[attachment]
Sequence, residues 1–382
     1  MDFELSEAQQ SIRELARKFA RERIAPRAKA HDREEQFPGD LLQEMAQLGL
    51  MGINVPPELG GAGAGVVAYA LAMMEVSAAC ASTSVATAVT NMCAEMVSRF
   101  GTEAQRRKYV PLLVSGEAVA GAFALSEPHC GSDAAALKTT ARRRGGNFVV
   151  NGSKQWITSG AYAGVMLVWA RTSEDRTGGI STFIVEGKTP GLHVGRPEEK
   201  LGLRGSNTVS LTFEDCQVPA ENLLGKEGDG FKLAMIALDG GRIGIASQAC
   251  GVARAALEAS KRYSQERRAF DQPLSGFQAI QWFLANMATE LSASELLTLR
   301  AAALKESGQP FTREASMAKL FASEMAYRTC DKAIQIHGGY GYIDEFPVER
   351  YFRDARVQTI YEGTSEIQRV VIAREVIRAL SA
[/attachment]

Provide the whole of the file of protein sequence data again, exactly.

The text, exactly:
Sequence, residues 1–382
     1  MDFELSEAQQ SIRELARKFA RERIAPRAKA HDREEQFPGD LLQEMAQLGL
    51  MGINVPPELG GAGAGVVAYA LAMMEVSAAC ASTSVATAVT NMCAEMVSRF
   101  GTEAQRRKYV PLLVSGEAVA GAFALSEPHC GSDAAALKTT ARRRGGNFVV
   151  NGSKQWITSG AYAGVMLVWA RTSEDRTGGI STFIVEGKTP GLHVGRPEEK
   201  LGLRGSNTVS LTFEDCQVPA ENLLGKEGDG FKLAMIALDG GRIGIASQAC
   251  GVARAALEAS KRYSQERRAF DQPLSGFQAI QWFLANMATE LSASELLTLR
   301  AAALKESGQP FTREASMAKL FASEMAYRTC DKAIQIHGGY GYIDEFPVER
   351  YFRDARVQTI YEGTSEIQRV VIAREVIRAL SA